“There’s a big gap between what the world’s climate scientists are telling us needs to happen, in order to avoid catastrophic consequences, and what is actually being done. And when we say a big gap, we mean gigantic.”
With these words, WWF International launched today its new report “Crossing The Divide: How To Close The Emissions Abyss”, with the goal of identifying solutions for a number of both developed and developing countries to reduce their emissions pre-2020.
“Even if a global climate agreement is reached in Paris this December, as we hope, most of the proposals and targets for cutting emissions won’t kick in until after 2020 – WWF continues. “But these five years, from 2015 to 2020, are absolutely vital in the battle against disastrous climate change.”
Here’s the point: if we don’t close the pre-2020 gap, the Paris agreement would never be enough.
And that is why we need the WS2 to be discussed within the UNFCCC. So, an ad-hoc session was convened this morning in Geneva for that purpose.
Ratifying The Doha Amendment And Filling The Gaps
“We have an implementation crisis”, said Mali on behalf of the G77 & China.
We actually do. Because the Second Commitment Period (CP2) of the Kyoto Protocol, which was supposed to cover the 2013-2020 period, was left by Canada, Russia, Japan, New Zealand, has ridiculously low target from Australia and an already-reached -20% from EU.
In a sentence, only about 17% of global greenhouse gas emissions are currently covered.
And that’s not all folks: amongst the few countries who agreed to join the CP2, there are some (actually the majority) who did not ratify it yet.
That is why China, and especially India, made very critical interventions demanding the ratification of the Doha Amendment. According to the latter, suspending ambition until the post-2020 would be “a very costly mistake”, as the price to take action will increase decade by decade, if not year by year. Also, closing the gap on technology development & transfer and finance is considered a matter of urgency.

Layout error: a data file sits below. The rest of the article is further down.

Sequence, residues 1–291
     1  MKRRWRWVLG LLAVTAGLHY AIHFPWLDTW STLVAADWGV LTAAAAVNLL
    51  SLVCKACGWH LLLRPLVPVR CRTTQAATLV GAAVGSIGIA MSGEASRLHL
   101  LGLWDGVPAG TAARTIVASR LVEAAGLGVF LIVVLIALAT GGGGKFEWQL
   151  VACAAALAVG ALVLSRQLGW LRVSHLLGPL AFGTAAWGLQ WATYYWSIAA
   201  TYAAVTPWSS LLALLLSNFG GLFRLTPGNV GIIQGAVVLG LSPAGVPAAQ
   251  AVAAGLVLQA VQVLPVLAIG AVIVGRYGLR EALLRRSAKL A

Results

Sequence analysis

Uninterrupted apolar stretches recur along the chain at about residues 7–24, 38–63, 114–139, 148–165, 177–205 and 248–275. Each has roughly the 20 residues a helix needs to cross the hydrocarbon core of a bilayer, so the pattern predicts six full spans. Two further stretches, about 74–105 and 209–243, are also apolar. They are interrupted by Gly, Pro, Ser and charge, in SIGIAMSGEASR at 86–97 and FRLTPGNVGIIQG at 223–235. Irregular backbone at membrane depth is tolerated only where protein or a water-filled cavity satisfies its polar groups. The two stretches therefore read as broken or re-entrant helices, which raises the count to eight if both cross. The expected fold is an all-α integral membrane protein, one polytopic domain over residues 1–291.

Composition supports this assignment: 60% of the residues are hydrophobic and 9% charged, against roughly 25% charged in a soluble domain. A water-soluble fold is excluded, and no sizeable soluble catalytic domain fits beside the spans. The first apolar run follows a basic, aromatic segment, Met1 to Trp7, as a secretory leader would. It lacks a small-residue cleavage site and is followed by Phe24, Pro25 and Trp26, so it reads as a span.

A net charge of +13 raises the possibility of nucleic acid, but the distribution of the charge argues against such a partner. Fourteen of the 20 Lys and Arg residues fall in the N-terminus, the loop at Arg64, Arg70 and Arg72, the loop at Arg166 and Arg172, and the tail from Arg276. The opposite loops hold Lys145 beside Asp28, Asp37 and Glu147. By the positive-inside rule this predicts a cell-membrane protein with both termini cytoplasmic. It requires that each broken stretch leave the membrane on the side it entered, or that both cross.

Strong statements also came from Bolivia (“the Kyoto Protocol is inadequate on itself”), and Nicaragua: “I don’t want to be repetitive, but we see this as a lost decade. Developing countries are doing more than they actually can”.
The GCF and private VS public finance
Implementing climate finance is also crucial.
EU and New Zealand welcomed the capitalization of the Green Climate Fund, also underlining how – despite the existing gap with the ultimate goal – there are actually trillions flowing through channels other than the GCF. However, a very different interpretation was provided by India, which called the 10.3 bn dollars achievement a “backsliding” from the original target of USD 100 bn per year by 2020.
On the front of the eternal quarrel between public and private sources, Australia and Norway have no doubts: private finance must be key for filling the gap, although many consider these positions as attempts to escape national obligations to deliver funds.
On these regards, Marcela Jaramillo, Analist for E3G, has clear ideas: “Private finance has a very important role in the transition to low carbon climate resilient societies”.
Indeed, especially in countries who recently experienced economic crisis or the poorest and most vulnerable ones.
“However – she adds – to drive private investment towards this end, it will be necessary to set clear policy and regulatory frameworks as well as direct public finance to strategically leverage the large scale of resources required to address climate change.”